If you already contributed to compaction by harvesting on wet soils, don't make it worse by trying to fix the problem before the soil dries.
Paul Jasa, University of Nebraska Extension engineer, recommends evaluating soil moisture conditions before filling in ruts left by harvesting equipment and gullies left by heavy fall rains.
Spot tillage can be done to smooth fields or relieve compaction, but wait until the soil dries, he says. "The soil may appear dry on the surface, but it's probably too wet at tillage depth to effectively reduce compaction."
Jasa recommends shallow spot tillage rather than whole field tillage.
Driving on or tilling a wet soil creates compaction when wet soil particles are lubricated and easily slide under the weight of tires and implements. Compaction is the loss of pore space between the soil particles, and if that pore space is lost, it reappears on the soil surface as the rut or as a denser soil at a reduced elevation.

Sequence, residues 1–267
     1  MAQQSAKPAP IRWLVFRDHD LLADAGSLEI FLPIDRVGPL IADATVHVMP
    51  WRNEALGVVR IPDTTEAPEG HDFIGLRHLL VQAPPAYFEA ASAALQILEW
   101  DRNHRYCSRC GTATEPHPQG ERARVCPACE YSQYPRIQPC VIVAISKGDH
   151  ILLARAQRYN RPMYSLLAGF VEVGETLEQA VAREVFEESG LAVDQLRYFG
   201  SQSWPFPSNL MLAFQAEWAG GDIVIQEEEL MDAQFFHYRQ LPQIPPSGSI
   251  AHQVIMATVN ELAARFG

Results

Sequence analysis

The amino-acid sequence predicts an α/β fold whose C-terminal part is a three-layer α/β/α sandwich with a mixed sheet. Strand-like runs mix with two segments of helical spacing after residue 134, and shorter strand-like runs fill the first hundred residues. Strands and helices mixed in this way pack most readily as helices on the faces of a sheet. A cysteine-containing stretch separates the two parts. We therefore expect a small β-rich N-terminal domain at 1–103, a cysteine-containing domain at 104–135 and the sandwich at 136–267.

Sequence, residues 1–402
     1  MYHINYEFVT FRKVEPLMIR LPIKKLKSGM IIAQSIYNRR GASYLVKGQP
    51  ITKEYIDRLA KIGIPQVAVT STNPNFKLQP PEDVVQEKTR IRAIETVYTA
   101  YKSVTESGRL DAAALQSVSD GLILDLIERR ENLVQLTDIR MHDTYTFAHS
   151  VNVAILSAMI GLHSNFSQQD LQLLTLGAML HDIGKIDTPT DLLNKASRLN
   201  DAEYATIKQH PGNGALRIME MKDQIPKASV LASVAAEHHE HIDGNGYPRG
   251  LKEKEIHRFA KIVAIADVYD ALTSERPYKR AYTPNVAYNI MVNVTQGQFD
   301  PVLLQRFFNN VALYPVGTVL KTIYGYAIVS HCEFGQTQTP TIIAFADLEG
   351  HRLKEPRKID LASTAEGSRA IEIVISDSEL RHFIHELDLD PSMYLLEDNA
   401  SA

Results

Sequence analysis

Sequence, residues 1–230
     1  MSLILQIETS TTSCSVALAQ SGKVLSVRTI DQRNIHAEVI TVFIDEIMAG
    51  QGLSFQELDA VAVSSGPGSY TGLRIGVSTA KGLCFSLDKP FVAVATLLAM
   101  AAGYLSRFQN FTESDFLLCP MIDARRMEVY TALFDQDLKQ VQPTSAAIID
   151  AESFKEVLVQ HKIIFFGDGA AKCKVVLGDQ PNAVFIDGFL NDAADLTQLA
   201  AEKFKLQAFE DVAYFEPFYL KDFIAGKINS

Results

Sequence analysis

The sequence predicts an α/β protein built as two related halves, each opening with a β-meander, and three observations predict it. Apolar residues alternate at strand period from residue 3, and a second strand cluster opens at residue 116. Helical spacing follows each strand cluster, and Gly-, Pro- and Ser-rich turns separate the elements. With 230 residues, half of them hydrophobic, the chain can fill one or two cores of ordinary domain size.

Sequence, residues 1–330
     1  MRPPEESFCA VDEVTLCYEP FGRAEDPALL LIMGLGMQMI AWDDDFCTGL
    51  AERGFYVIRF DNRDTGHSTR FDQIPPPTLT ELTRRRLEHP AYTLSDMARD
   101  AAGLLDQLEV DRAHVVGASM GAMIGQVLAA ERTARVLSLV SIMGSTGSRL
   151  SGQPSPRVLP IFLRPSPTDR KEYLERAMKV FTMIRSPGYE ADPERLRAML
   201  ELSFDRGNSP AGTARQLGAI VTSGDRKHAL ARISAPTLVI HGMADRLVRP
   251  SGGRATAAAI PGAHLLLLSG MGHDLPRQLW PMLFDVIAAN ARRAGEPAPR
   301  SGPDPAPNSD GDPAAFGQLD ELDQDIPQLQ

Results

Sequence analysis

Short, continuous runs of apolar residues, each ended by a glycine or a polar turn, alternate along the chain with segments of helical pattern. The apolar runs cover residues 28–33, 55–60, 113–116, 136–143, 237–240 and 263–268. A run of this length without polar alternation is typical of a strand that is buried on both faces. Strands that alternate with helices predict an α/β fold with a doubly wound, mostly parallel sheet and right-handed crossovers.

"Wait as long as possible for the soil to dry before lightly tilling very shallow to smooth the ruts," Jasa says. "Resist the temptation to fill deeper, thinking that you will get rid of more compaction. The soil will be wetter below the soil surface and more readily compacted."
"Unless something is done to anchor the soil when the gullies are filled, they will simply wash out again," he explains. "Seeding a cover crop in these areas will help anchor the soil, especially on sloping ground."
Jasa suggests using a center pivot track filler to fill ruts because it will disturb less soil.
"Mounting a 12-volt spinner seeder in front of the track filler could seed a cover crop at the same time. The roots of the growing cover crop will help reduce compaction and help build soil structure."